Ten years ago, a friend and colleague suggested that I write “The Great Vatican Novel.” I quickly declined, not just because the truth about life behind the Leonine Wall is often stranger than fiction (and more so since the suggestion was made), but because the idea of writing a novel terrifies me. Writing large books—no problem. Sitting in front of a keyboard or a pad of paper and making it all up out of my head—characters, plot, dialogue—is beyond my imagination.
Which is one reason why I was delighted to meet Herman Wouk, who died on May 17.
Having won the Pulitzer Prize for fiction with the 1951 bestseller The Caine Mutiny, Wouk never took his foot off the authorial accelerator for more than a half-century thereafter, reaching the pinnacle of his popularity with two more World War II novels, The Winds of War and War and Remembrance (for which he subsequently wrote screenplays). But while fiction was on my mind when we first met, it wasn’t on Herman’s. He was writing a companion volume to his famous introduction to Judaism, This Is My God, and the Librarian of Congress, James Billington, suggested to Herman that he might want me to brief him on developments in Jewish-Catholic relations since This Is My God was published in 1959.
So over lunch at Washington’s Cosmos Club, Wouk and I spent an hour going over Vatican II’s teaching on Judaism and its deepening by Pope John Paul II; the advances recently made in the Jewish-Christian theological conversation by Father Richard John Neuhaus, Rabbi David Novak, and an unofficial group of Jewish and Christian scholars; and what the official terrain of Jewish-Catholic dialogue might look like in the future. As host, Herman could not have been more gracious, so when we were having coffee, I decided to pop the question that had been on my mind from the moment we sat down: How on earth do you write a novel? And specifically, where did Captain Queeg, the principal character in The Caine Mutiny, come from?
Wouk didn’t miss a beat. There had been several mutinies in the U.S. Navy during World War II (all in port, incidentally), and the author had gotten permission from the Pentagon to read the transcripts of the trials that followed. Herman certainly drew on his own naval experience in giving The Caine Mutiny its verisimilitude and its array of characters; but the captain of the fictional destroyer-minesweeper USS Caine, Philip Francis Queeg, “emerged” from the testimonies of various officers at the real trials, Wouk said. OK, I replied, what about Armin von Roon, the aristocratic Wehrmacht general who gives readers the view from the other side of the hill in The Winds of War and War and Remembrance? The answer was about the same: From Wouk’s extensive reading in the memoirs of German officers, von Roon “emerged.”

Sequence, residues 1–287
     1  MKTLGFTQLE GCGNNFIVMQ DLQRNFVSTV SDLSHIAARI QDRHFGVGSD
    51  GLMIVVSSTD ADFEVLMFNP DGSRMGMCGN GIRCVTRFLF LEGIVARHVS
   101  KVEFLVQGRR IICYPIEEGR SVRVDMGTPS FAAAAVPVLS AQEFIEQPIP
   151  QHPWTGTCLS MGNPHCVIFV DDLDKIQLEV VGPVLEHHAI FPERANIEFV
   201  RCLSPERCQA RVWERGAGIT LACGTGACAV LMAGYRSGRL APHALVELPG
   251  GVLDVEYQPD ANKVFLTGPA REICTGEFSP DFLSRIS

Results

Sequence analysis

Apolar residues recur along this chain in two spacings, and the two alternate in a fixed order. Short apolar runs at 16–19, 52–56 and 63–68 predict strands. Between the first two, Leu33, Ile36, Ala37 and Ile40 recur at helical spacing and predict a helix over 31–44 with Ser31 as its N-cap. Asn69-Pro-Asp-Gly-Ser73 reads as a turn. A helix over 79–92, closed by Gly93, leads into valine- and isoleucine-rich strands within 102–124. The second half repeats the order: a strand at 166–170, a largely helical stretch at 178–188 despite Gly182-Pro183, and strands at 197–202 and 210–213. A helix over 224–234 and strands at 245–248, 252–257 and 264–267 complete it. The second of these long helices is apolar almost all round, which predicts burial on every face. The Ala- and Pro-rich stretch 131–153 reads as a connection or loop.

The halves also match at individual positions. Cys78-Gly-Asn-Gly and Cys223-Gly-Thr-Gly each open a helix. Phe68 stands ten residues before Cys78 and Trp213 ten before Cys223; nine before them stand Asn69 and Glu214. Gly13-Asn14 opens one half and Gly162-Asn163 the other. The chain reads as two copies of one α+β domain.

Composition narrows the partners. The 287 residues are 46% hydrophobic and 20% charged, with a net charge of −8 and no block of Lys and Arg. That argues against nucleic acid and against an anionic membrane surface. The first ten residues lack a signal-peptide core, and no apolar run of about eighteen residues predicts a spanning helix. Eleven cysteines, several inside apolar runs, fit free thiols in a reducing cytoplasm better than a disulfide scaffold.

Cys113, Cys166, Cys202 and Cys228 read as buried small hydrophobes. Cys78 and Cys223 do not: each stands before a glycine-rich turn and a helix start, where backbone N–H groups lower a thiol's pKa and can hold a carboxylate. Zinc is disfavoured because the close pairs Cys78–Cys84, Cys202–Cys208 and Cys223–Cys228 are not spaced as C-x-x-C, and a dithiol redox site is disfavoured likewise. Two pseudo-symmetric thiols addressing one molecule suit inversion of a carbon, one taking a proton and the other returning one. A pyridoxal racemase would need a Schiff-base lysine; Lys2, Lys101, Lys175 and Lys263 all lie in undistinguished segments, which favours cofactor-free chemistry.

It may sound simple. What was really at work here, though, was disciplined talent informed by considerable human insight.
One of our last conversations reminded me of the regularity of Herman’s Jewish practice. He’d had his publisher send me the proofs of his penultimate novel, A Hole in Texas, which anticipated nuclear physicists’ discovery of the Higgs boson while lampooning scientific hubris and governmental craziness. I’d read the galleys in a single sitting and called the author on a Saturday evening, Washington time, to congratulate him. But I’d miscalculated sundown in California, and the housekeeper who answered the phone said, very politely, that “Mr. Wouk will be happy to take your call after the Sabbath.”
Herman Wouk’s gift for storytelling was matched by his seriousness, and it would not be a mistake to think that he imagined writing as a vocation. Shortly after a lot of America began watching the televised adaptation of The Winds of War in the early 1980s, he reflected on a deep irony of his craft:
It is the paradox of my career that, though I have won recognition as a creator of war literature, I regard war and the preparation for war as the primal curse now afflicting the human race. Some serious writers have understandably averted their eyes from the skull that grins at them from current events, so as to create art from their private preoccupations. I have looked straight at the grinning skull and written about it.
This gifted, purposeful storyteller died at 103, still writing. May he rest with his forefathers, in the bosom of Abraham.
George Weigel is Distinguished Senior Fellow of Washington, D.C.’s Ethics and Public Policy Center, where he holds the William E. Simon Chair in Catholic Studies.